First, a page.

"I am blessed as my son seems to like eating the healthier foods choices. We make our own PB crackers (w/natural PB) in place of a sandwich, we make our own pudding and/or jello cups with sugar free options. (this also eliminates the preservatives in the pre-packaged brands) He is allowed to choose the schools hot lunch 1 x week so we keep it to a minimum (not to mention the cost) Also in his lunch I will include a pickle, fruit, pretzels (sometimes we make a trail mix w/the pretzels, raisins, sunflower seeds, etc) and a sugar free drink (usually not milk as it is hard to keep it cold enough to enjoy). Good Luck!"
"Our school is doing a great job offering healthy school lunches like pizza with whole wheat crust and reduced fat mozzerella cheese and milk and water. Now if I could just get his teacher to stop the back to school cookie and cupcake parties! "
"Our middle school offers Subway sandwiches every day and Jamba Juice once a week at lunch. It's too expensive to do everyday, but it's nice that the students get a 'cool' yet healthy choice."
"My 7 yr old is very picky and wont eat public school lunches, cant blame her, we eat a healthy breakfast and pack lunch. She mainly likes pb&j sandwiches. I let her use cookie cutters to get rid of the crust, and its fun. Add bag of carrots and nutragrain bar and voila! Healthy and simple."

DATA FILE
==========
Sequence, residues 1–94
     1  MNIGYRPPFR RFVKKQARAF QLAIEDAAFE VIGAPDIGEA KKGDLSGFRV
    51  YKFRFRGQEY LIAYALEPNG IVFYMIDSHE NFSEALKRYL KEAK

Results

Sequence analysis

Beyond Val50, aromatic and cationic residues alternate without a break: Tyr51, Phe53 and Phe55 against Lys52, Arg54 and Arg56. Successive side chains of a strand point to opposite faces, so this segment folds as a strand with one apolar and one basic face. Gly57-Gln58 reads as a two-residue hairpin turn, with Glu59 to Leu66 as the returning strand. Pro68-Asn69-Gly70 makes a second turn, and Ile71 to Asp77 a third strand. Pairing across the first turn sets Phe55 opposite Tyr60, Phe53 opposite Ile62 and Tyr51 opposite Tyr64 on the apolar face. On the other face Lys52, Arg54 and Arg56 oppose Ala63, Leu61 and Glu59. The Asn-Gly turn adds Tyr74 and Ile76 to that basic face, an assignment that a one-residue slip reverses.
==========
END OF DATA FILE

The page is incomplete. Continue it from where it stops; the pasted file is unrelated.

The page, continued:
"I pack my son's lunch daily because it is less expensive; however, one day a week he is allowed to buy his lunch at school. His school only offers healthier meal choices so there is nothing to worry about. There is no soda or sugary snacks offered at school either. A lot of schools are getting rid of their soda machines and only offering juices and milk. Ambler, PA 8/6/06"
"schools should not have vending machines with unhealthy food!please replace the bad snacks for better!schools are making a profit from sales anyways."
"Middle School is a growing time for these kids and sometimes they may want seconds. Having fresh fruit available is great to top off a lunch they might not get full on."